Being a master silversmith has its rewards, but for Randy Stromsoe, it boils down to hard work.
The sterling-silver centerpiece bowl he made for the White House’s Craft Collection, for example, required 100,000 blows of the hammer.“I could have chosen an easier way to make a living,” Stromsoe said with a laugh.
The artisan spent the days before Thanksgiving in his Highway 46 West farmhouse/studio polishing up recent work for the San Luis Obispo Museum of Art exhibit.
The year of preparing the new collection has taken its toll on the 59 year old.
“Swinging my hammer so many hours, I don’t want to do it again for a long time,” Stromsoe said.
The laborious process enabled him to make some decisions about future projects. “It’s forced me to examine a lot of things really quickly,” he said. “It has taken me down all these different avenues I want to explore.”
Although he’s billed as a master silversmith, Stromsoe doesn’t toss around that label here on the Central Coast. “I don't really promote myself in the way that I would Back East or in another country,” he said. “Here, you sound a little bit pompous if you say master silversmith.”
But, a master he is, and he learned from third-generation master Porter Blanchard.
Through a minor misunderstanding in his first year at Los Angeles Valley Community College, Stromsoe thought he was signing up for a course in woodworking. It turned out to be jewelry making.
“I took the class by mistake,” said Stromsoe, who still seems astonished 40 years later how it changed the course of his life. He soon became hooked on working with fine metals, and when the instructo took the class to Blanchard’s Calabasas studio, Stromsoe knew he’d found his calling. He became Blanchard’s apprentice.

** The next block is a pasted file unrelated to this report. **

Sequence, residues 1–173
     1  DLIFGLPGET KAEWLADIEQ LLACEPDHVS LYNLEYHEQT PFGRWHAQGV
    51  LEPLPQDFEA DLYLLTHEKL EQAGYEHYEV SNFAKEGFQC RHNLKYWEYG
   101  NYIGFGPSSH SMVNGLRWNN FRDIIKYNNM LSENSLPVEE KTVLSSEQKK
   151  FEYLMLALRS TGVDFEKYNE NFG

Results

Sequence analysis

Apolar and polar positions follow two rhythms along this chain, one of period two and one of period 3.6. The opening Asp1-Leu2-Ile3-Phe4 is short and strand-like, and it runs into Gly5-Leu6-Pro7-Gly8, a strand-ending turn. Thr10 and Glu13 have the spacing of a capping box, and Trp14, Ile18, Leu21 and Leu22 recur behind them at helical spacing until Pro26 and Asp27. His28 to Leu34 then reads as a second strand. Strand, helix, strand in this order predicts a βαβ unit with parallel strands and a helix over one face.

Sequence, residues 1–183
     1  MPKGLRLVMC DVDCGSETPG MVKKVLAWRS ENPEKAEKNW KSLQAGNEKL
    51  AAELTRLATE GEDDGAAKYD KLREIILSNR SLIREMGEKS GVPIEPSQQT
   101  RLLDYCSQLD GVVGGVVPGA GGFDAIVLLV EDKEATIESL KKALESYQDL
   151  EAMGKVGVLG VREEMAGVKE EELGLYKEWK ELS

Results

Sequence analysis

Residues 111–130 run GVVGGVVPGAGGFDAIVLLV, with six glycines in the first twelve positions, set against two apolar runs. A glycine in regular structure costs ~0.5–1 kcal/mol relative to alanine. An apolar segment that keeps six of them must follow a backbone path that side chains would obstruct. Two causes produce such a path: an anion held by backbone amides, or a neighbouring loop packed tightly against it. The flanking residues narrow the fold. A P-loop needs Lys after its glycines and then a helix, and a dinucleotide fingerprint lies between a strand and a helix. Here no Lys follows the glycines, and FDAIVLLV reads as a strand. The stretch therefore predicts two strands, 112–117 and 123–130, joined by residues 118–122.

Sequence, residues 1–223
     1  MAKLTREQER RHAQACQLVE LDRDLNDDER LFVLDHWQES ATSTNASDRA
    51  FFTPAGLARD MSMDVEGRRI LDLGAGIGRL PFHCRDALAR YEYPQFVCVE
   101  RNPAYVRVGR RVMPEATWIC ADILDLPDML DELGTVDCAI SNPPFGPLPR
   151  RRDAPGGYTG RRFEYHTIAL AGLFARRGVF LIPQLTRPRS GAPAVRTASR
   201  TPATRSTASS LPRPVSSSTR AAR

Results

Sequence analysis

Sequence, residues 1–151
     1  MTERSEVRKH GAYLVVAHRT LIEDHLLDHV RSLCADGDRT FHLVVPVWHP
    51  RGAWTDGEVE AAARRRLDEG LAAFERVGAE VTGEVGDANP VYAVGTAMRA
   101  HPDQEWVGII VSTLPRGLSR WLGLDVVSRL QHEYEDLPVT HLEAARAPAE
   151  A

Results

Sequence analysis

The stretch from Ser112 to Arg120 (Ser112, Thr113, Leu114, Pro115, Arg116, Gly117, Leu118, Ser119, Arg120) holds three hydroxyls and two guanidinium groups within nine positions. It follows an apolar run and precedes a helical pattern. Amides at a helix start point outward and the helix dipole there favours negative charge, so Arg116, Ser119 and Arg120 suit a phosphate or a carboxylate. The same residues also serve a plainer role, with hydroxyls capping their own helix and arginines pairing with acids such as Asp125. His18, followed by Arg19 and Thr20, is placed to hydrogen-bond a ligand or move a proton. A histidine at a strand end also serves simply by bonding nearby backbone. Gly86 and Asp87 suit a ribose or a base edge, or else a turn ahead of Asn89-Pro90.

In his mid-80s then, Blanchard generously shared his knowledge with receptive young talents.
Under his tutelage, Stromsoe was given “projects you don’t throw 19-year-olds into,” making huge platters and punch bowls, “things you don’t see any more,” for notable clients such as Cartier. “It was always exciting.”
By age 24, and the youngest craftsman, Stromsoe became the Blanchard company’s shop supervisor until 1979 when he and wife Lisa left the San Fernando Valley for Cambria. They opened up Quicksilver, representing other craftsmen as Stromsoe continued his silver and pewter work. Last year, he joined Paso Robles’ Studios on the Park.
In 1993, Stromsoe was invited to create a piece for the White House’s Craft Collection, and the couple attended the reception gala there. “That was kind of a great shocker,” he recalled, a “who’s who of craft artists,” his heroes. “That was a great day.”
One of the few remaining classically trained silversmiths, Stromsoe has created pieces that are in the Smithsonian and the Vatican, and given as gifts to royalty and dignitaries worldwide.
Stromsoe chuckles, looking back, noting that self-employment has been a curse and a blessing. It’s a roller coaster of steady income, but the blessings include being able to live on the Central Coast, where he and Lisa raised their children, Nicole and Sean.